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Unemployed people derive significant psychological benefits from receiving a fixed amount of financial support from the state, according to a landmark experiment into basic income in Finland that highlights the disadvantages of the country’s existing means-tested system.

Initial results of the two-year study had already shown that its 2,000 participants were no more and no less likely to work than their counterparts receiving traditional unemployment benefit.

Thursday’s set of additional results from the social insurance institution Kela showed that those getting a basic income described their financial situation more positively than respondents in the control group. They also experienced less stress and fewer financial worries than the control group, Kela said in a statement.

Erratic Bureaucracy

The results illustrate how bureaucratic and erratic the existing system can be.

For instance, regular recipients of unemployment benefit complain that it’s nearly impossible to know how taking on part-time work will impact their financial situation at the end of the month. Under the current system, declining job offers or training can result in financial penalties. But some have discovered that indulging in a hobby can even lead to benefits being denied altogether.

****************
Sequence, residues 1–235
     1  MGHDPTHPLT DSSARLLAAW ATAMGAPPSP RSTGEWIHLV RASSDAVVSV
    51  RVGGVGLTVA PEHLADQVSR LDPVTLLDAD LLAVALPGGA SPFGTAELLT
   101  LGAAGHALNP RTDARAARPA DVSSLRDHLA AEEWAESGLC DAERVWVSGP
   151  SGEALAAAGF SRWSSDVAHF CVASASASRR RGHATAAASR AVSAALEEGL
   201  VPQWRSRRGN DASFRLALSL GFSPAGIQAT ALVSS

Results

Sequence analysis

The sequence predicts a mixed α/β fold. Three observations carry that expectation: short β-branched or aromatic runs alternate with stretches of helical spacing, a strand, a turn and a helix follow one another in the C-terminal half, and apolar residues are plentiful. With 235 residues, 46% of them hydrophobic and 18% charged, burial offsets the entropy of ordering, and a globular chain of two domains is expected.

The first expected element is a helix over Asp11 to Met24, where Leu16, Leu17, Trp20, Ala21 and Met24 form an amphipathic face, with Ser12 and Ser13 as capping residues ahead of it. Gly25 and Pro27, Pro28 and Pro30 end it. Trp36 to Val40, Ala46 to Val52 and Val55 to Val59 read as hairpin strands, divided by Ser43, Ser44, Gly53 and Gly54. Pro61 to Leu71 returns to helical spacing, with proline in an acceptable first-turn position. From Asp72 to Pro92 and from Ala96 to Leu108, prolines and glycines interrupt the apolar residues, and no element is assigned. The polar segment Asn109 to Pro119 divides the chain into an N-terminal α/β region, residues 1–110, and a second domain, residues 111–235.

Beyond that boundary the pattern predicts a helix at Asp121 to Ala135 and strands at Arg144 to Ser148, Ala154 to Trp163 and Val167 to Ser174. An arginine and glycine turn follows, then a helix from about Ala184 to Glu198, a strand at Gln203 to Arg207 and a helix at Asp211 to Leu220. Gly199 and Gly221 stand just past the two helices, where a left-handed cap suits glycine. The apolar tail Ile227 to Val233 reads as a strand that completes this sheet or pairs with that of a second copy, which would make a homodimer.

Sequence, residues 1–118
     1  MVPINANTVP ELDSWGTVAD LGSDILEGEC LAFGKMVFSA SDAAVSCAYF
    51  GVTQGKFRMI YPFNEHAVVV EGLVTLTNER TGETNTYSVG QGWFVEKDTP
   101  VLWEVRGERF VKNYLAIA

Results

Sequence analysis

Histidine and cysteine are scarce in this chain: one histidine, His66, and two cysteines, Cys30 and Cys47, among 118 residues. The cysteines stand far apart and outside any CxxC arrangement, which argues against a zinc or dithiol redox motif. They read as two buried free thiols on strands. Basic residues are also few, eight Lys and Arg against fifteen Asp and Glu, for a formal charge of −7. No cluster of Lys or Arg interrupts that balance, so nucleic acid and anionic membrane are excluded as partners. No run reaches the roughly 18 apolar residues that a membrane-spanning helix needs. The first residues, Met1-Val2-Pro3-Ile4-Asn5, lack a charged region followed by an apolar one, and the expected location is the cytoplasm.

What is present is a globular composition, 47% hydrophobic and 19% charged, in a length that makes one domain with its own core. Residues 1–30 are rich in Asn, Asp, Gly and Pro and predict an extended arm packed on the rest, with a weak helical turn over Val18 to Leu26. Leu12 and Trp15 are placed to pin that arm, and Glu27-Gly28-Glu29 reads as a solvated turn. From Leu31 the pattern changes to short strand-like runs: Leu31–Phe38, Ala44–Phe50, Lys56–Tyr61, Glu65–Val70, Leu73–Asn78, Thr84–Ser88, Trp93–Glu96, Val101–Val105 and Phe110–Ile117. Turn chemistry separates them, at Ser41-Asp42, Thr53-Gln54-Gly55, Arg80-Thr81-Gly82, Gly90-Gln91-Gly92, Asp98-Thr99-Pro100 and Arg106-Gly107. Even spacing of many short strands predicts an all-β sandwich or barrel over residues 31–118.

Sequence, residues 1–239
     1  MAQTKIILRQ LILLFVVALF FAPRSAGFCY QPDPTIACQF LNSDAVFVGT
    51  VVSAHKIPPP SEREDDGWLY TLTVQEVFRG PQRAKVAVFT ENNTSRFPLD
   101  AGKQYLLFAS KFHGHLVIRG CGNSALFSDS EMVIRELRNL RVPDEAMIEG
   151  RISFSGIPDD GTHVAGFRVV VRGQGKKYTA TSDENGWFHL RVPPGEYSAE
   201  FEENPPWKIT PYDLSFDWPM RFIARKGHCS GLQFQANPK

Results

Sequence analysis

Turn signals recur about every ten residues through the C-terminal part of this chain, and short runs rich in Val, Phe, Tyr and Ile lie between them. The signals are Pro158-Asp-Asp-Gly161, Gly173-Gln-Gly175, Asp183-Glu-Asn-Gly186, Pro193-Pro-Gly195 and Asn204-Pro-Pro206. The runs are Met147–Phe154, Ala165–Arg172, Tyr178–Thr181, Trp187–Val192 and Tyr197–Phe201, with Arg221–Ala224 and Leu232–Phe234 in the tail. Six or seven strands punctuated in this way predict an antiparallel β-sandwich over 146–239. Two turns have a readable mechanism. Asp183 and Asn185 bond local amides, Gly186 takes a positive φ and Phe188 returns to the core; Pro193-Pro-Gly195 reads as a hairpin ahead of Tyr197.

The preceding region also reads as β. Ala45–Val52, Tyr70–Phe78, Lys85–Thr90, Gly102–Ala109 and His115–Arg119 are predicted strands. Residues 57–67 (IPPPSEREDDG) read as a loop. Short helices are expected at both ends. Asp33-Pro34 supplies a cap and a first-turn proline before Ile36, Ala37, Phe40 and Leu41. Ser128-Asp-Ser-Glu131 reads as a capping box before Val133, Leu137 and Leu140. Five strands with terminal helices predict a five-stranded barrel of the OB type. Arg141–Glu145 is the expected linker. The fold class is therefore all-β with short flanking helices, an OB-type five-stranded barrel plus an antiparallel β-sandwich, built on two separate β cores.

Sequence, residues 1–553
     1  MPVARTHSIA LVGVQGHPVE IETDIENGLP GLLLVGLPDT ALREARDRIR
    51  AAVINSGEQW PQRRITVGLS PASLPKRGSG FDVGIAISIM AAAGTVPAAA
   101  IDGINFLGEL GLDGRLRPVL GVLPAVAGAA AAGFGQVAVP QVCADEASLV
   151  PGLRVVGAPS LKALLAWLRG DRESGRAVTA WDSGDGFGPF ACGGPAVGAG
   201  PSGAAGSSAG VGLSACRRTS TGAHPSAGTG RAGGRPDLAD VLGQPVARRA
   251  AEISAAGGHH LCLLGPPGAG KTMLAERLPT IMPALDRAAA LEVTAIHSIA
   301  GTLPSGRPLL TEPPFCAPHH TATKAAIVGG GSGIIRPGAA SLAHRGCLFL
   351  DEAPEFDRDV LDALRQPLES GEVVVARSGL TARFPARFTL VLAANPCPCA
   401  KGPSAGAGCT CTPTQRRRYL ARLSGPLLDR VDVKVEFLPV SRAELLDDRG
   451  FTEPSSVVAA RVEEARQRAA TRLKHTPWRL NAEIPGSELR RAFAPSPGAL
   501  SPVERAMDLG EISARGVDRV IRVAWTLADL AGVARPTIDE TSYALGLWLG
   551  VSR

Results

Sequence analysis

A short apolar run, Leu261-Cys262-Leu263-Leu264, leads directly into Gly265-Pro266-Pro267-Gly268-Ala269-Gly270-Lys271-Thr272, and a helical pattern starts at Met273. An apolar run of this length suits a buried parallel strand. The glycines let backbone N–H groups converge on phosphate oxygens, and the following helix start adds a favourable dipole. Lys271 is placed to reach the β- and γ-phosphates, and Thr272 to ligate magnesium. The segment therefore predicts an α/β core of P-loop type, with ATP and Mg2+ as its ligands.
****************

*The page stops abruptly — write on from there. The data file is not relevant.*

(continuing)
The results published on Thursday are based on phone interviews conducted during the final months of 2018. Further results of the experiment are due next year.

Finland is the first country in the world to trial a basic income at national level. The government wanted to find out whether a basic income could simplify the social security system, eliminate excessive bureaucracy and remove incentive traps. Researchers at Kela also wanted to measure its impact on the participants’ physical and psychological well-being.

The Results So Far

Basic income recipients were no more and no less likely to be employed than members of the control groupBasic income recipients were happier with their lives and experienced less stressThey had more trust in other people and social institutions, and showed more faith in their ability to have influence over their own lives, in their personal finances and in their prospects of finding employment

(Updates throughout with additional details.)

To contact the reporter on this story: Kati Pohjanpalo in Helsinki at kpohjanpalo@bloomberg.net

To contact the editors responsible for this story: Tasneem Hanfi Brögger at tbrogger@bloomberg.net, Nick Rigillo

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